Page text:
THE QUEEN'S GUARDS
No. 23. Scots Guards
Raised in 1660
Drill Sergeant (WOII): Home Service Dress.
Piper: Full Dress.
Background: Edinburgh Castle.
From a watercolour painting by Douglas N. Anderson.
Postcard No. 23 SCOTS GUARDS
In 1660 Charles II reconstituted the Scottish 'Lyfe Guardes' which he
had originally raised in 1642. By 1686 the Regiment had joined the English
Army Establishment but in spite of undoubted seniority over the other two
regiments of Foot Guards was placed third in Order of Precedence. The
regiment has always maintained strong links with Scotland and proudly
supports a band of pipes and drums in addition to the Regimental Band and
Corps of Drums.
The Drill Sergeant wears the Home Service Dress. The forage cap is dark
blue and for the Scots Guards it has a red welt and a red/white/blue diced
band and no chin strap. The gold braid on the peak is according to rank.
The scarlet tunic has dark blue facings and buttons in threes down the
front and on the cuffs indicating the Regimental Order of Precedence. The
Warrant Officer's elaborate arm badge is exclusive to the Guards. Drill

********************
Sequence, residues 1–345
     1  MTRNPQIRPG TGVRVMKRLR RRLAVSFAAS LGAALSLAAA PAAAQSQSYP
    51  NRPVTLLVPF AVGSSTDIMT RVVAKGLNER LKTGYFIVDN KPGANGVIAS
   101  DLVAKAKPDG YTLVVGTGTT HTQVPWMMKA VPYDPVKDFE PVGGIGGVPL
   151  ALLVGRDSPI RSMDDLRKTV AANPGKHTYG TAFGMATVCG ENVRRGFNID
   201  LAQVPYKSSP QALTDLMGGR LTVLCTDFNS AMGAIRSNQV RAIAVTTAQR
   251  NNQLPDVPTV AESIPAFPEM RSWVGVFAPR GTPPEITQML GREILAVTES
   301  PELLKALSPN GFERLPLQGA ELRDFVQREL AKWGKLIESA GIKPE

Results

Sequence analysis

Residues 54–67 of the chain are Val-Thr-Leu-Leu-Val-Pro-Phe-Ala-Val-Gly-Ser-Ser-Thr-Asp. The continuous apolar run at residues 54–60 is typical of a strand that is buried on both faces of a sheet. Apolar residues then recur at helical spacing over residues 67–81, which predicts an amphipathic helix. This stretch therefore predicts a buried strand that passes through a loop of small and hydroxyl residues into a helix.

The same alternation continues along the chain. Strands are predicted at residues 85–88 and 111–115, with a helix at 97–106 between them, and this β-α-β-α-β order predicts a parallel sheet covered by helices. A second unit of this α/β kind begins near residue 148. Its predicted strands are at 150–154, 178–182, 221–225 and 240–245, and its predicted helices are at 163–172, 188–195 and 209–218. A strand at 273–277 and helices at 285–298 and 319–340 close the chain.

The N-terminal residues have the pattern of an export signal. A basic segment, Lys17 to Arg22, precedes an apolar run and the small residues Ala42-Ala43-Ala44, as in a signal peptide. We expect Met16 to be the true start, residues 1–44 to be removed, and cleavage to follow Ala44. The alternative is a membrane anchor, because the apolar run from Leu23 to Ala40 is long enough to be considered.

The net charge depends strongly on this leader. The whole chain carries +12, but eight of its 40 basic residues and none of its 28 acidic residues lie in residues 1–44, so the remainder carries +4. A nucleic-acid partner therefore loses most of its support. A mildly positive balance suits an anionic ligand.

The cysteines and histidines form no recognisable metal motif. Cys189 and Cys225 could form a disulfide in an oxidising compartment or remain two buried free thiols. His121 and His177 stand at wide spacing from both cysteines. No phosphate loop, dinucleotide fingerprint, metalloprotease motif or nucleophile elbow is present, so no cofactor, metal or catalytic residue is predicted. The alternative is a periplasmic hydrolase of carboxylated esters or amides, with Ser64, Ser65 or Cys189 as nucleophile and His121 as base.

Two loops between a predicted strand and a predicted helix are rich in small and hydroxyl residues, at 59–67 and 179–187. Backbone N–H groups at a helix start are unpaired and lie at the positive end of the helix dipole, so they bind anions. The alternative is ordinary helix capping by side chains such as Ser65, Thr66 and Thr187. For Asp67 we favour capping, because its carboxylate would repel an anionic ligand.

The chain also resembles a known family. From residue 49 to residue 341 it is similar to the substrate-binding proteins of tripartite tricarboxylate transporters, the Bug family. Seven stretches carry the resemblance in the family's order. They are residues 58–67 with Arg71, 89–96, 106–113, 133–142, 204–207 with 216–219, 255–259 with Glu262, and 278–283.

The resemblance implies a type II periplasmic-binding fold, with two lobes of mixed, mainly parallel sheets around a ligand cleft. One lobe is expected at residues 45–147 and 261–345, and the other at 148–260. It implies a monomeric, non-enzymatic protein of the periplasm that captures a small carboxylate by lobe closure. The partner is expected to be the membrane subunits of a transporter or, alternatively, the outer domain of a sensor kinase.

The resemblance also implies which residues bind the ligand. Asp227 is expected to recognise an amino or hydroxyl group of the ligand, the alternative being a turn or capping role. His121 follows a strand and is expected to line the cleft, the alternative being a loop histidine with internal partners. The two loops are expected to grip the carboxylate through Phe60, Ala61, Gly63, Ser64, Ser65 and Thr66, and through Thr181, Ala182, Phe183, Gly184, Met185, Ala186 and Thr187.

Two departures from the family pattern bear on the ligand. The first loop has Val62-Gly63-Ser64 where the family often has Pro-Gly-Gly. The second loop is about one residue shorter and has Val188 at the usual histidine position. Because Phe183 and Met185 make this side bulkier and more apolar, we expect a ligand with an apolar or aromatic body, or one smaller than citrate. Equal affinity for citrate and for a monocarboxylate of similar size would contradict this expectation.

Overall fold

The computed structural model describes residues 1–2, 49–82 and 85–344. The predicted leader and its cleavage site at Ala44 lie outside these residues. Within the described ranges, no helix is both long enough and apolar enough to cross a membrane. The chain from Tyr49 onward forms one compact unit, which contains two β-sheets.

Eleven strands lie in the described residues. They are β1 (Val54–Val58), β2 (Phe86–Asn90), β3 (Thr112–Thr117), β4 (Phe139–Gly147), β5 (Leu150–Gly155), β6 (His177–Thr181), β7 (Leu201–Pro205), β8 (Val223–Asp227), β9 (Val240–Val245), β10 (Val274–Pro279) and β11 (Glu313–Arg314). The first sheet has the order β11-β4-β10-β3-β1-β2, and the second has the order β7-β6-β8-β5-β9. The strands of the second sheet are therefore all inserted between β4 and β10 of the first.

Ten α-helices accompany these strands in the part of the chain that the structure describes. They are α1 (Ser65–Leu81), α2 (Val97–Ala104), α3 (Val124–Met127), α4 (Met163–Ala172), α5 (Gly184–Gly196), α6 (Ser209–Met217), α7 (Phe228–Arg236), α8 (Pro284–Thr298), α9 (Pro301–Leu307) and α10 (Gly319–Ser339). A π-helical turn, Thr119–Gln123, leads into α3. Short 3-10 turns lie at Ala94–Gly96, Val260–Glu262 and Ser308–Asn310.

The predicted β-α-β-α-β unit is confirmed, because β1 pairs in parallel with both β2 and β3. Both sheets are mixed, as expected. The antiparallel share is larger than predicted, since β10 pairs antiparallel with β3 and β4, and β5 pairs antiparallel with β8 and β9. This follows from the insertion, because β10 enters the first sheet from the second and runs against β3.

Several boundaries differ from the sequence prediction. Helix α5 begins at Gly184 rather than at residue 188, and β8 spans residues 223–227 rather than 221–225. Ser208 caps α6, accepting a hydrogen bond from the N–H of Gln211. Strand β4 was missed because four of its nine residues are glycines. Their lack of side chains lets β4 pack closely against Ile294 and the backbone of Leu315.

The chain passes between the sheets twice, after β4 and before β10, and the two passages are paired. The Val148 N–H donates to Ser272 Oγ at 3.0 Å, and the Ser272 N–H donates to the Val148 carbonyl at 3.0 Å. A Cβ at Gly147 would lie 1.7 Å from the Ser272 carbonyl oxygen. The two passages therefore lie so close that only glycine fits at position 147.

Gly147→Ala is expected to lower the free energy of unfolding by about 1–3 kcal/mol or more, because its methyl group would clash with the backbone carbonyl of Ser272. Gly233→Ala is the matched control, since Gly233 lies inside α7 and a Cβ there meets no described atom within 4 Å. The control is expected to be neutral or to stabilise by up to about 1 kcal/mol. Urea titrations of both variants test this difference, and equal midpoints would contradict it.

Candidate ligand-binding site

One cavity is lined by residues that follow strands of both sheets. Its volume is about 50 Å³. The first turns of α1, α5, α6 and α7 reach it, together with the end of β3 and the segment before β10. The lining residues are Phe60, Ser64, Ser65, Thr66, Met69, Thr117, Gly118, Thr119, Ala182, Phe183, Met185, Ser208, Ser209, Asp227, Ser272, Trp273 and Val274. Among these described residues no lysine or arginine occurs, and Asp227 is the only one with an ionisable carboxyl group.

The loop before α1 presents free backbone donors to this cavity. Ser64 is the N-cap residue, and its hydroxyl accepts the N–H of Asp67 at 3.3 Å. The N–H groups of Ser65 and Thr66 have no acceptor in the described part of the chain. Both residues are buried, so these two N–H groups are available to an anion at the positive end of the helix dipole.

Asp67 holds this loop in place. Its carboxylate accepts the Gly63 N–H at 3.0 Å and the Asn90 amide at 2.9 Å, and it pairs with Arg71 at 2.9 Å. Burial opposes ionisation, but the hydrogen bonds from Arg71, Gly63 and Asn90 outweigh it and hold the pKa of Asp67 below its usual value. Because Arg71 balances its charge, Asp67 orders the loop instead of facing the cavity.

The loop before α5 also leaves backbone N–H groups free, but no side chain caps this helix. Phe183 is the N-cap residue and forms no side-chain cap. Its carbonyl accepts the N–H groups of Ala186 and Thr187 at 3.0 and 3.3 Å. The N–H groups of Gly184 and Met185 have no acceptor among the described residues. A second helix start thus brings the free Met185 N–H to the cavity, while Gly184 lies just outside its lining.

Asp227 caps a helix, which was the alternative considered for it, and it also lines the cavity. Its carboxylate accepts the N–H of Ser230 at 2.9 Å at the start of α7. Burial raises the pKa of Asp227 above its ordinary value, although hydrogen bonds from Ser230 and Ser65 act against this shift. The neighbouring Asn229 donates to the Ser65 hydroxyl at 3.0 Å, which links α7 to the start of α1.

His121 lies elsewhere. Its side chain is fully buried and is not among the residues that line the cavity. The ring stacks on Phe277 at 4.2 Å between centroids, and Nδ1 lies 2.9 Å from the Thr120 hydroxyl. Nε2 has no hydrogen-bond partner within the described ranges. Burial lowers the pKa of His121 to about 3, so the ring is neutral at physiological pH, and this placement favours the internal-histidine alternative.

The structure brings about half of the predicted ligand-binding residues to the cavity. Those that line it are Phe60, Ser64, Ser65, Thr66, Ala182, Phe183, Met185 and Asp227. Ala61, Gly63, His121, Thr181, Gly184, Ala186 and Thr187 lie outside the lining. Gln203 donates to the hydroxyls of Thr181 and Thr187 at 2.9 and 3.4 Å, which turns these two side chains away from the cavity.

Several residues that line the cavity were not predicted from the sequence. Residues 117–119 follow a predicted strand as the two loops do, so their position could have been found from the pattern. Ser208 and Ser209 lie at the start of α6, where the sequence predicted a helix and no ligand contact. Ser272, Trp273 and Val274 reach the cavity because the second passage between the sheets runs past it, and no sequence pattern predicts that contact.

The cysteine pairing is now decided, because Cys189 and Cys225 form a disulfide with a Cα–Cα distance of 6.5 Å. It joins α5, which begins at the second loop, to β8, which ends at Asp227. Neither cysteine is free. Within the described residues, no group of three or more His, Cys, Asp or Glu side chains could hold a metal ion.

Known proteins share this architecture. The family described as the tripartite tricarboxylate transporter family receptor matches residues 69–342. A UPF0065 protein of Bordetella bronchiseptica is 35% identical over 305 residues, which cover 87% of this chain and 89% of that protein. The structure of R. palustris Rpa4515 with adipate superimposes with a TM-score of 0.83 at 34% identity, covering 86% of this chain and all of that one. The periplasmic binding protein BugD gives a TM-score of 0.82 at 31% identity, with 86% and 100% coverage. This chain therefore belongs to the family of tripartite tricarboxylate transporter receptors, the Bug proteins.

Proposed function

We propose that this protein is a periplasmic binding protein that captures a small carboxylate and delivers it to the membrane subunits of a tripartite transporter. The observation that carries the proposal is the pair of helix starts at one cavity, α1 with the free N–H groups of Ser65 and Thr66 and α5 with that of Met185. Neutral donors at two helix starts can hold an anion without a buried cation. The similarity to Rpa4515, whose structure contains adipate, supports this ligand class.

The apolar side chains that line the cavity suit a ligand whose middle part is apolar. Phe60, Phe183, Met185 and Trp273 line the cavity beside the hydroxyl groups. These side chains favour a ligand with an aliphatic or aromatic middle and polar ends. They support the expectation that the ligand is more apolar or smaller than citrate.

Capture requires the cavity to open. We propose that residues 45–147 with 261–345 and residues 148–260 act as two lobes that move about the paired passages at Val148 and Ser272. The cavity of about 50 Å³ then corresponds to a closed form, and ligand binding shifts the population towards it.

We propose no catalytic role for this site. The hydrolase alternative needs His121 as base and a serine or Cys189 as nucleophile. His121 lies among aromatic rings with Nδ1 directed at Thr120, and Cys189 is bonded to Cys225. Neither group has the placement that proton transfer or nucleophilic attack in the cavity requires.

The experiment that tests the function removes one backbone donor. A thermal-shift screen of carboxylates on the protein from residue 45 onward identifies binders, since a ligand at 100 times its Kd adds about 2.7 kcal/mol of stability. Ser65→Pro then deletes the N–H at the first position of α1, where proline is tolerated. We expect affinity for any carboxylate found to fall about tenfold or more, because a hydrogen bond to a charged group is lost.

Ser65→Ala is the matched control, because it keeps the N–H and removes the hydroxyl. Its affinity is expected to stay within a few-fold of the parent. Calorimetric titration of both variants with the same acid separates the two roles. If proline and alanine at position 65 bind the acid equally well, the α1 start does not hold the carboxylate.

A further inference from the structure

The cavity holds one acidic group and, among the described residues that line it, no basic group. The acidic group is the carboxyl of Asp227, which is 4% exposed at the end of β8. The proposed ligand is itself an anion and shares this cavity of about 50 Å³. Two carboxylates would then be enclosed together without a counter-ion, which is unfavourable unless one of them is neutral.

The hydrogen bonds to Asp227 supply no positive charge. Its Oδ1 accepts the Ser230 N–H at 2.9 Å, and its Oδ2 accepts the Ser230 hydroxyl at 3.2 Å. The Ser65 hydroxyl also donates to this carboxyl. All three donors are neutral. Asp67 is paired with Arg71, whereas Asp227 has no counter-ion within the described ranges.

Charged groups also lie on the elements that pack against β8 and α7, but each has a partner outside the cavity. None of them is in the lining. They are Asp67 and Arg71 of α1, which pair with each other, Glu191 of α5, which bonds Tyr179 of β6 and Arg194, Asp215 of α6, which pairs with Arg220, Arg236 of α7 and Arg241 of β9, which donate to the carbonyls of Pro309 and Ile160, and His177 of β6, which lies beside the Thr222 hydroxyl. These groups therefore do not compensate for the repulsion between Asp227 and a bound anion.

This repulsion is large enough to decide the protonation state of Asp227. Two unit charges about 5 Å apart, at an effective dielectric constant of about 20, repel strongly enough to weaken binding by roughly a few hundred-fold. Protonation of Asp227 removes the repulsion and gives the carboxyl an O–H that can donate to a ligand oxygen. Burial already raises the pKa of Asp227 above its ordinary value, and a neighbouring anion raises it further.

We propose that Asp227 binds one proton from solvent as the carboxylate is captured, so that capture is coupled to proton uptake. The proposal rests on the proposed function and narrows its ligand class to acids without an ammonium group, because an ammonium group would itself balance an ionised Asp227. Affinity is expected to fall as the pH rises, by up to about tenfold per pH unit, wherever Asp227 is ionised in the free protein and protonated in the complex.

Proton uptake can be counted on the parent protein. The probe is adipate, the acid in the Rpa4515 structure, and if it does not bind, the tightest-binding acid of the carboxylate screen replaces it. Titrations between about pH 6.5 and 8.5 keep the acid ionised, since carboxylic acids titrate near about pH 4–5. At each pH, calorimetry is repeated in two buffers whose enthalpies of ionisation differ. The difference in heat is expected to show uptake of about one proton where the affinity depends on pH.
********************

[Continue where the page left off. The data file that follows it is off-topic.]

boots are worn and a pace stick is carried.
The Piper is wearing Full Dress. The feathered bonnet has a red, white and
blue diced band and the hackle is in the Royal Colours of blue and red.
The dark blue doublet is piped in white. A dirk is worn and when ordered a
Highland Broadsword is carried. Plaid and kilt are of Royal Stuart tartan.
The Thistle Star appears in the centre of the plaid brooch and on the
white chrome sporran cantle. A skean dhu is worn in the right stocking.
The pipe ribbons are Royal Stuart and the bag cover Black Watch tartan.
Edinburgh Castle is shown in the background.
Copyright © 1985 Published by Geoff White Ltd.
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